Occasionally Donaghue is able to provide support to projects that are aligned with its overall mission but may not fit into its current grant programs. This summer two such awards were made to The Hastings Center and the Institute for Clinical and Economic Review.
Surprise billing is an unjustifiable practice that contributes to patients’ medical debt and erodes trust in American health care. The American Board of Internal Medicine Foundation together with The Hastings Center and the University of Connecticut Health Disparities Institute are convening a high-level working group to address the complex policy problem of surprise billing. The goal is to leverage the medical community’s commitments to professionalism in order to develop a set of practical recommendations as to how not only medical professionals, but also provider organizations, payers and legislators, can address surprise billing.
The composition of the group will be intentionally broad, including representatives from a range of medical specialties, health systems and health plans, patient advocates and academics. The group will meet virtually four times over the course of the coming six months and seeks to intervene on what appears to be a stalled effort to develop ethically-grounded solutions to the problem of surprise billing. We see this work as a key part of the medical profession’s obligations to patients and society.
Donaghue contributed $30, 000 for this effort, which is also supported by a grant from the American Board of Internal Medicine Foundation.
In 2020 the Institute for Clinical and Economic Review (ICER) launched a new Patient Engagement Program to empower and partner with patient organizations during every value assessment of a new drug. Led by Vice President of Patient Engagement Yvette Venable, the new program seeks to build greater understanding of ICER’s role in the healthcare system, facilitate patient and patient organization participation in the ICER process and enhance ICER’s patient-focused methodologies to ensure patient perspectives are appropriately considered in value assessment.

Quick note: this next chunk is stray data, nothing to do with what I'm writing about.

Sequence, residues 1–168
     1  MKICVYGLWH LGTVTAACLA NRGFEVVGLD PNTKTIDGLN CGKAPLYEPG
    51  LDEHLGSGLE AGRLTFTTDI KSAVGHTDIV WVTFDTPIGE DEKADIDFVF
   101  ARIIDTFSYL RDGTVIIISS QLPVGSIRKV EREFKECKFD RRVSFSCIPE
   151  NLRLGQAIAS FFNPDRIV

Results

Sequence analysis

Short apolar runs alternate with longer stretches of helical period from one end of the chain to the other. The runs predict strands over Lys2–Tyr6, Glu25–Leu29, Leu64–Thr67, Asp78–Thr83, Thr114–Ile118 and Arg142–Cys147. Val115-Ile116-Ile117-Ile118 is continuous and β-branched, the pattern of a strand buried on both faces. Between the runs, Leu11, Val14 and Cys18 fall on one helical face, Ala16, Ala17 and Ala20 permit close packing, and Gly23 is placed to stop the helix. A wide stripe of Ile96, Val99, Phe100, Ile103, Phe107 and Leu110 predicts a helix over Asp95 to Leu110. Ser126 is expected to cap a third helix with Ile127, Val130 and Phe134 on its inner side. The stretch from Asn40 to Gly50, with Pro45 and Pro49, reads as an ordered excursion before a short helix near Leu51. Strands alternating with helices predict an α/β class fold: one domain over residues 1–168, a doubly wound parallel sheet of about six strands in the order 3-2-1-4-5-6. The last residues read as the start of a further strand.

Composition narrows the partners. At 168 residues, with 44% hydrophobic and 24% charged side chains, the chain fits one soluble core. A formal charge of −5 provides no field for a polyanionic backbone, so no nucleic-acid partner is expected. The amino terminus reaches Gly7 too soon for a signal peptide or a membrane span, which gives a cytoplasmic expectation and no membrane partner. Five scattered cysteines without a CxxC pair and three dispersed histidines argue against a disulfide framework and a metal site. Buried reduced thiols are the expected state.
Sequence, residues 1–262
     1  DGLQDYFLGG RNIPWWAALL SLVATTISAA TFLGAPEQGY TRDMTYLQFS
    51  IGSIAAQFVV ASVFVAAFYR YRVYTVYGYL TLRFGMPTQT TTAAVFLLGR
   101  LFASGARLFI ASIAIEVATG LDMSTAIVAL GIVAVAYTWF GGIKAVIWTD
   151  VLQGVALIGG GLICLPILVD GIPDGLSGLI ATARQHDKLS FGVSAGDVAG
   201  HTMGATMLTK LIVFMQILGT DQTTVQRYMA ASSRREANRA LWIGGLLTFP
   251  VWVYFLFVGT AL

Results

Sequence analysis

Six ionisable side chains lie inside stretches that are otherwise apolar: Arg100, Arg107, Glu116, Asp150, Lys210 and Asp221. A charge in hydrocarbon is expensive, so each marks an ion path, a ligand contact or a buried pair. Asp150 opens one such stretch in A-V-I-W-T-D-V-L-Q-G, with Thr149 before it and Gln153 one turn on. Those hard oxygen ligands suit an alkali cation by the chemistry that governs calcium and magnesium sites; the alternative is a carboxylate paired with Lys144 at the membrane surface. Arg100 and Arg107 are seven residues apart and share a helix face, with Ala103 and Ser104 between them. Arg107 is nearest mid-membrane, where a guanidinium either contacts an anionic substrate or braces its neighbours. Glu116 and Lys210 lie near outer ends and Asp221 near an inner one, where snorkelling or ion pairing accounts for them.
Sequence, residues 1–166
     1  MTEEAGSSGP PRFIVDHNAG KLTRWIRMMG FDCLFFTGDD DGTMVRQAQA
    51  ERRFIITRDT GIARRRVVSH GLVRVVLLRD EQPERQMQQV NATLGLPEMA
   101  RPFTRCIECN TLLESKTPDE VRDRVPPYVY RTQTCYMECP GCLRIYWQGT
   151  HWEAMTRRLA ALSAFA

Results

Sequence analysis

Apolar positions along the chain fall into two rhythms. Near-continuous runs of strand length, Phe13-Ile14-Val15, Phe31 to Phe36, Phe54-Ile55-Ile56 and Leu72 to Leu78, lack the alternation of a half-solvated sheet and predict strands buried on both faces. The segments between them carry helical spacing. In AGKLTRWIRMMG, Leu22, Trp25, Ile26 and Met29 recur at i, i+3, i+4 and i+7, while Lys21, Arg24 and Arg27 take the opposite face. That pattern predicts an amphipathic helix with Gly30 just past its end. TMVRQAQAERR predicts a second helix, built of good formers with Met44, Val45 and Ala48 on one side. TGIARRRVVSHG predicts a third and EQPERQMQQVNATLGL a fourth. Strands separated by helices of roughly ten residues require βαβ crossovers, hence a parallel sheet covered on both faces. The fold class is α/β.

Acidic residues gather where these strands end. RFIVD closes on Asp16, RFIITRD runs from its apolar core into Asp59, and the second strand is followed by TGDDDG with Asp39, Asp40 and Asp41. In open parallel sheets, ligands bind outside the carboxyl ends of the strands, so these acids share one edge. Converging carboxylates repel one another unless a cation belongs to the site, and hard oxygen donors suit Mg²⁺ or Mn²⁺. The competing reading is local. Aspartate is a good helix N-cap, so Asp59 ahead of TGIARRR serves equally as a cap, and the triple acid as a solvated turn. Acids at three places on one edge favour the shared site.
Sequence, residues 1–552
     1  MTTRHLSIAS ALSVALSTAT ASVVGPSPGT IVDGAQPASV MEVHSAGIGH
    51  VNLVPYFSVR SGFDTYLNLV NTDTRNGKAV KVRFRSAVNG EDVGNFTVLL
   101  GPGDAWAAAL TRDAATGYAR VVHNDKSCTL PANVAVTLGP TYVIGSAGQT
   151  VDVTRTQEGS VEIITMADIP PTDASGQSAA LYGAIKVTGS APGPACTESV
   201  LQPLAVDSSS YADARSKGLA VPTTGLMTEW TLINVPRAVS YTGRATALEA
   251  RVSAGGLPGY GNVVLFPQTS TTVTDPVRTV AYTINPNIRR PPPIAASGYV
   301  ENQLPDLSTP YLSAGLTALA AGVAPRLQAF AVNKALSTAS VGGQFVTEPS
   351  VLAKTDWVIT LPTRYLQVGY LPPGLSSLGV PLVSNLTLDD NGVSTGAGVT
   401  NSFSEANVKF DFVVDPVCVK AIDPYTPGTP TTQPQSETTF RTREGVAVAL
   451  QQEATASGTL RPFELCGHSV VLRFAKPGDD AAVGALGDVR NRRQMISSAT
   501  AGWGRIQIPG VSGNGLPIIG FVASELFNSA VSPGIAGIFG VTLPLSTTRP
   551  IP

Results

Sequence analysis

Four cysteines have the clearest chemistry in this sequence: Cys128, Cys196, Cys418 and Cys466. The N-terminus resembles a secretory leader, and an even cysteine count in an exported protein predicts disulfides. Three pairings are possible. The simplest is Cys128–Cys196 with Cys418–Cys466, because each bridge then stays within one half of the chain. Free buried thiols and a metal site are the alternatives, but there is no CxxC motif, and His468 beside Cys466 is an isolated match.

Seed support of $75, 000 from Donaghue will enable ICER to pilot the following activities:
- Establish a Patient Leaders Working Group to work with ICER and other stakeholders to review and evaluate approaches to patient-focused research for ICER reviews.
- Launch an online ICER Resource Center for Patient Organizations as a one-stop shop for ICER educational tools for patient organizations. It will include examples of best practices for patient participation in ICER reviews, an online question/polling mechanism for ongoing dialogue, slide libraries and patient-friendly materials to support participation in ICER’s process.
- Pilot a Patient Participation Honoraria Program to recognize that participation in an ICER review can be a major undertaking for organizations.
You can learn more about ICER’s perspective on the patient voice in value assessment from Donaghue’s Soapbox blog.